Despite 2000 years of history before us, and a much better idea of just who Jesus is, I doubt we would answer that question much better. For all of our church buildings and committees, our Christian nations and empires, our indoctrination in the faith…

If Jesus were to show up and ask us, ‘What are you looking for?”

We would probably ask if he wanted to serve on church council or if he has a mailbox number for offering envelopes.

The thing is, we just don’t know. We don’t know what we want when it comes to faith and meaning. We don’t know what we are looking for.

For whatever reason, the disciple’s answer Jesus’ question with their own strange question. But they are no less clueless than we are.

All Advent we waited for Messiah. At Christmas we rejoiced at Messiah’s coming. In Epiphany the Messiah, the Christ, God in flesh was revealed to us. But now that Messiah is here, we don’t really know what to do with him. Like the disciples, we find it hard to grasp the magnitude of the Messiah, of Christ being with us, here and now. It is one thing for the long awaited guest of honour to arrive, but is another to know what to do once the dinner party is over and the guest is still hanging around.

Even more so, it hard for us to know what to do with God in our lives. Hard to know what this faith business means on Monday morning to Saturday night. What does that mean for us? What do we say? Where do we go? How do we respond?

If John the Baptist had heard the disciples answer to Jesus’ question he might have shamed them not getting it. But that is not Jesus’ way. Instead of correcting or condemning, Jesus gives a simple answer. “Come and See”.

Come and See.

Jesus gives an invitation that is more than invitation. Instead of calling from the pulpit or the river as John is, Jesus comes near, he looks the disciples and us in the eye. Jesus does this in order to pull us into the story of Messiah, Jesus opens our eyes to the new thing that God is doing in our world, in our lives.

Jesus is NOT looking for us to know the answer to his question. Jesus knows that we haven’t faintest idea of what we are looking for. Jesus knows that we are wondering life, about faith and meaning, about suffering death, about hope in the hopeless, about finding the lost, about light in the darkness. We are wondering about the Messiah. Jesus knows that we are full of questions, not answers.

But Jesus does not condemn us for not knowing what to do with Messiah. Instead he offers 3 gracious words, words that grab and hold us. Come. Come, with me and I will go with you in this life. They are words that show us God. See. See, here I AM, here the God of all things is here, close and near with you.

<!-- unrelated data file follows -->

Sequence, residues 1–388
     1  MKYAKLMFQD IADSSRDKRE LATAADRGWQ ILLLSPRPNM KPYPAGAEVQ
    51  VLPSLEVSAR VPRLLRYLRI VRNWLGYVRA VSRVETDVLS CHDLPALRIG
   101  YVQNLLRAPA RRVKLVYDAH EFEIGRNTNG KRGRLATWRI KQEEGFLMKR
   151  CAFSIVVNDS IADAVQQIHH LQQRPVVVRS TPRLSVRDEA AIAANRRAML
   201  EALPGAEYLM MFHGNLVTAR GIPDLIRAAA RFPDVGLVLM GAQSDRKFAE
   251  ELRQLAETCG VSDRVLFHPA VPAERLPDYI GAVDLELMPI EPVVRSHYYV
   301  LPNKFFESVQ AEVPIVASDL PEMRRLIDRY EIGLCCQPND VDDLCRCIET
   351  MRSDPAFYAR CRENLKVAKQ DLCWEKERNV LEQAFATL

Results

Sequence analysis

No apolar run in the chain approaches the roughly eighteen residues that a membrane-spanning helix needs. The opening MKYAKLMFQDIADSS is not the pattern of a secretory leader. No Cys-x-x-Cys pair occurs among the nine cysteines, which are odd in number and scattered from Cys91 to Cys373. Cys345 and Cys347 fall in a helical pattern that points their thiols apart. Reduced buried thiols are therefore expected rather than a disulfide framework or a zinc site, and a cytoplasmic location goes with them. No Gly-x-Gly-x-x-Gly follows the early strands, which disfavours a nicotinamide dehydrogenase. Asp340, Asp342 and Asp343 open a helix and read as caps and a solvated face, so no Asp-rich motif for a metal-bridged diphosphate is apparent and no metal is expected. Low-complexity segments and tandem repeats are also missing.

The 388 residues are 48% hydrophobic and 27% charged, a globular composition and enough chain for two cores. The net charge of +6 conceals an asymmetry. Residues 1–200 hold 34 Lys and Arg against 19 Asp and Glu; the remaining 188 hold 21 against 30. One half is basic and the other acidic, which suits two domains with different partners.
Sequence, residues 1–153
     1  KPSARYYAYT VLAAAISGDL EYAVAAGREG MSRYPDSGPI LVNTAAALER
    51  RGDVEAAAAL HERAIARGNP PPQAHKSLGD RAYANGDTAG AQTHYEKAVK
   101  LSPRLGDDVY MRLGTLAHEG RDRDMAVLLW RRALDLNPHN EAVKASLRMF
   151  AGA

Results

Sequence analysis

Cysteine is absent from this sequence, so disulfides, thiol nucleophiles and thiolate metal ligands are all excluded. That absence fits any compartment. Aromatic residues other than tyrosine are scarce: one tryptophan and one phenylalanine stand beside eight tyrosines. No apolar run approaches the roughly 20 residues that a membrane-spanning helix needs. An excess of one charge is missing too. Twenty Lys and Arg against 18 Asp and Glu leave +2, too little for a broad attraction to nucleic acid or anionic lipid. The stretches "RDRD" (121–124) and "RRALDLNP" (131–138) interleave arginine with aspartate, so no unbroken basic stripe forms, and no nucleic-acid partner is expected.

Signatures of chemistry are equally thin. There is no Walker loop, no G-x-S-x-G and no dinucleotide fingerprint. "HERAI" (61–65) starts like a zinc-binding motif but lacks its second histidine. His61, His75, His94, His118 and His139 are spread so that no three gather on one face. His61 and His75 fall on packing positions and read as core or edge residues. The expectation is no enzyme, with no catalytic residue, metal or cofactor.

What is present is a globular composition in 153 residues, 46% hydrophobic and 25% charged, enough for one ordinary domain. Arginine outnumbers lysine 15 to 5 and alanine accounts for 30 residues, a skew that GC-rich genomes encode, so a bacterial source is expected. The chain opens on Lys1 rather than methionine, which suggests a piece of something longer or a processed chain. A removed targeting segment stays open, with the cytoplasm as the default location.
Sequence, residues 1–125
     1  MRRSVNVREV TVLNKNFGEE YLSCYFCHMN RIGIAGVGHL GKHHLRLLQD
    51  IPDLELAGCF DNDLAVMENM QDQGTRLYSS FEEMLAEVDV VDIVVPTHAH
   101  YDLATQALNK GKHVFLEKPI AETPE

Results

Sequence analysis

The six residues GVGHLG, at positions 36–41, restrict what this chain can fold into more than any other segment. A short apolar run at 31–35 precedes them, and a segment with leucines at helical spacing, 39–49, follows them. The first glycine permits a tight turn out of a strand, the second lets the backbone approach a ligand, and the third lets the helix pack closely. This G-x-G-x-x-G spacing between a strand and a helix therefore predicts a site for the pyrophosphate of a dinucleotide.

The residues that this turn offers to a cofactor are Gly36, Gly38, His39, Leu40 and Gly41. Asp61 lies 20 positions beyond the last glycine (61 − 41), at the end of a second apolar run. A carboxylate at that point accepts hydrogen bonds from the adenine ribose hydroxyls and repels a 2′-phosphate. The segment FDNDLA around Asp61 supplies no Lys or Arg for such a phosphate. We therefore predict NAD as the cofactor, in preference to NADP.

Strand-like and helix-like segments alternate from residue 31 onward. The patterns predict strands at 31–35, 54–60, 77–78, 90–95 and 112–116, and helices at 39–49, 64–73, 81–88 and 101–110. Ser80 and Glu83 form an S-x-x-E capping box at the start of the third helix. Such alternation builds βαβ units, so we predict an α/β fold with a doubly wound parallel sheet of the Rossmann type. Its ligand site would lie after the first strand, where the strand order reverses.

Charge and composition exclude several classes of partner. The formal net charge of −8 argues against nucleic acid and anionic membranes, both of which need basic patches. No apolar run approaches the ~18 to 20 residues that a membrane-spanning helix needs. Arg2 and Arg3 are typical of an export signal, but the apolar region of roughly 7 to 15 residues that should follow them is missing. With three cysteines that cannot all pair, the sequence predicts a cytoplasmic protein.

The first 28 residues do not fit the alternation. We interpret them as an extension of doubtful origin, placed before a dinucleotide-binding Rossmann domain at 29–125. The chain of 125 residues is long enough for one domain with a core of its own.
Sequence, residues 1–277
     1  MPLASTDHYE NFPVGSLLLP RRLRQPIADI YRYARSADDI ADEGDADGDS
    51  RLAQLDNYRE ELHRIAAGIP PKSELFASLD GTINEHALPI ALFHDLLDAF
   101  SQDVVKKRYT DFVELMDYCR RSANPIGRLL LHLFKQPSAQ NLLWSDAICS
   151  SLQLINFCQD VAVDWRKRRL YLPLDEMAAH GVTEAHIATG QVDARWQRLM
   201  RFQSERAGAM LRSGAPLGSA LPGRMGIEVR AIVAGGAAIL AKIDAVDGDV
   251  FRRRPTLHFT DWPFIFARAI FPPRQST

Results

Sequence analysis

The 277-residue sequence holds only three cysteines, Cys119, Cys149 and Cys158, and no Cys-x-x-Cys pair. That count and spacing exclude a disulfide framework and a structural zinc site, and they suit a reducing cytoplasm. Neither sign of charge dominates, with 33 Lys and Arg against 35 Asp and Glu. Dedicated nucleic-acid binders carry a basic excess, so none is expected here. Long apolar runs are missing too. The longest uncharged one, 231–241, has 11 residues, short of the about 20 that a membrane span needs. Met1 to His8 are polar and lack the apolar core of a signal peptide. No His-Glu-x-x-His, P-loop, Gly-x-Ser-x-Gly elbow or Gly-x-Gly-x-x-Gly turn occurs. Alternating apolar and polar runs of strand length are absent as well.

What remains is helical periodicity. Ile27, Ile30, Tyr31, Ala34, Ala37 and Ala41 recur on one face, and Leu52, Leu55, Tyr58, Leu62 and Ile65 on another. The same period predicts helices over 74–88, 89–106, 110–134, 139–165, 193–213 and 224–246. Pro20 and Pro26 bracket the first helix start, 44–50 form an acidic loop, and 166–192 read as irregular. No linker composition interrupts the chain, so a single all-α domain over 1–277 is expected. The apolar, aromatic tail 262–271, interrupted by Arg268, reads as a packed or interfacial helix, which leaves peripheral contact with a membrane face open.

Come and See.

Come and See.

Jesus doesn’t expect to answer his question, he answer it for us.

“What are you looking for?”

“Come and See” Jesus says.

Come and See the Messiah, the God made flesh come to dwell among us. The God who comes to look us in the eye, and take our hand in his. The Messiah who doesn’t just come for Christmas dinner and then goes home, but who has come for good into our world, and into our messy lives. Messiah, the Lamb of God is revealed by getting down into our confused and messy lives with us, knowing that we don’t know what we are looking for.

Because the Messiah knows what or who he is looking for… Messiah is looking for, and today, has found us.

Come and See, Jesus says, come and see that I have found you.


*Image credit: http://www.northwestchurchofchrist.org/come-and-see

Floating Down the River with Jesus

Matthew 3:13-17

Jesus came from Galilee to John at the Jordan, to be baptized by him. John would have prevented him, saying, “I need to be baptized by you, and do you come to me?” But Jesus answered him, “Let it be so now; for it is proper for us in this way to fulfill all righteousness.” Then he consented. And when Jesus had been baptized, just as he came up from the water, suddenly the heavens were opened to him and he saw the Spirit of God descending like a dove and alighting on him. And a voice from heaven said, “This is my Son, the Beloved, with whom I am well pleased.”

Sermon